Hundreds of years of History.

Although our winery was founded on 3rd January 1961 and inaugurated on 15th May 1962, our families have been cultivating and taking great care of our vineyards for generations. When we talk about Sonsierra, we are therefore talking about hundreds of years of history.

Out of a combination of nature, history and wine tradition, an alliance was formed, a family-based bond with our land, an identity that defines us and makes us easily recognizable.

An example of coordination and collaboration.

Today, we are the second largest bottling cooperative in Rioja. An example of coordination and collaboration between 136 grape farmers who cultivate 492 ha of vineyards.

The Sonsierra area has a history stretching back thousands of years and some of the most important historic heritage in La Rioja. The civilization that has grown up around grape-growing and wine was already established in this area over 2,000 years ago…

Thousands of years of History.

The fields are scattered with prehistoric remains and archaeological sites, many of which are associated with winemaking. These include the Neolithic dolmen known as ‘La Cascaja’, a necropolis, hermitages, cave houses and wine stores, and wineries that date from the Roman era.

Together these offer a wide range of examples of our ancient history and of the work of our ancestors when making their wine, which has shaped the landscape since time immemorial.

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Mediaeval legacy.

Meanwhile, the mediaeval remains such as country chapels, churches, great houses and castles have become emblematic features of the villages in this area. The imposing Castle of San Vicente de la Sonsierra is a reminder of the time when this was a frontier area and a frequent battlefield in the wars between the Kingdoms of Navarre and Castile in the Middle Ages. 

This castle, on which building began in around 1170 or 1172, was the largest Navarran fortress near the River Ebro and was part of the defensive line running between Laguardia and Labastida.

La Sonsierra riojana,
a special place.

Almost everything we are today, we owe to our homeland, the Sonsierra Riojana, a name which means “under the mountains” and where wine has forged an exceptional natural, historical and cultural landscape.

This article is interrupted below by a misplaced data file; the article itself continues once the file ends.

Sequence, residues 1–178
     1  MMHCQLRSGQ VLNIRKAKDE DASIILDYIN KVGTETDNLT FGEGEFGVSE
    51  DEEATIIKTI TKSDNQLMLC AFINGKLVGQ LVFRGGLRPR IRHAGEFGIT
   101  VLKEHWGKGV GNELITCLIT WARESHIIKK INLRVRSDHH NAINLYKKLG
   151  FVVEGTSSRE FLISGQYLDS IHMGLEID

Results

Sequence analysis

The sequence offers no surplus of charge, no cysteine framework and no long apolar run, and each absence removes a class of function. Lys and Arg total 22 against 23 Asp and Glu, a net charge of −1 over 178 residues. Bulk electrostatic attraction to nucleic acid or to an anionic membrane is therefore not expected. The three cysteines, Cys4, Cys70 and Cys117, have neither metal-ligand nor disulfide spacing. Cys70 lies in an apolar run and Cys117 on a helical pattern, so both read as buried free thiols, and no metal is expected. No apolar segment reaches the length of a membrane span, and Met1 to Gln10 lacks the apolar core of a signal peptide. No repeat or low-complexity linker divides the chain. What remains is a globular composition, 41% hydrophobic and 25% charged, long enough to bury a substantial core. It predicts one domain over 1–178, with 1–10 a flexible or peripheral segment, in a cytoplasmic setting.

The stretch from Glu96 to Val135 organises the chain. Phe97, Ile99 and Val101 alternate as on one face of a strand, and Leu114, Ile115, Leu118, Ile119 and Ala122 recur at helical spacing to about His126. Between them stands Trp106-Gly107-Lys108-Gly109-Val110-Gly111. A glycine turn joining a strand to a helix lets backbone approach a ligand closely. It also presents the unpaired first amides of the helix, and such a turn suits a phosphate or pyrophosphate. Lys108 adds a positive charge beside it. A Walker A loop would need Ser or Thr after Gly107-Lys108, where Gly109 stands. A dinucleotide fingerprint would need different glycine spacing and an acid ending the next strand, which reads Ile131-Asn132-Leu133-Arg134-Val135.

This privileged area plays a very special role within the Rioja appellation. It is the only part of the province of La Rioja on the left bank of the River Ebro.

In the very heart of the Rioja wine area, Sonsierra is the region within the appellation that has historically been most famous for the quality of its wines. It has its own unique terroir and microclimate, which enable the Tempranillo grapes to develop in a very special way.

Vines are almost the only crop grown in this area and have become a way of life.

Our vineyards.

Our vineyards form part of an undulating landscape, occupying small plots and terraces which range in altitude from 420 m above sea level, in the low-lying fields near the River Ebro, up to 770 m in the foothills of the Sierra de Cantabria mountains. These different altitudes enjoy different levels of rainfall and temperature, which guarantee that the grapes mature perfectly in at least two thirds of our vineyards, even in years with extreme weather conditions, so allowing us to offer vintage after vintage with a constant level of quality and personality that is very difficult to achieve.

In our vineyards we only grow the autochthonous grape varieties that are most characteristic of Rioja wine: Tempranillo (a red wine variety) and Viura (for white wines).

Due to the long winemaking tradition in La Sonsierra, we have many outstanding vineyards in terms of age and quality. Alongside our younger vines with an average age of over 20 years old, about a quarter of our vineyards (150 ha) are planted with older vines of between 30 and 130 years old, a genuine treasure that we are pleased to pamper and take care of.

These ancient vines are a genuine piece of winemaking heritage. They are a guarantee of high-quality wines, as they are better adapted to the conditions of the terroir and the climate and can regulate their production naturally, so producing smaller amounts of grapes than the young vines, but with deeper, better defined flavours.

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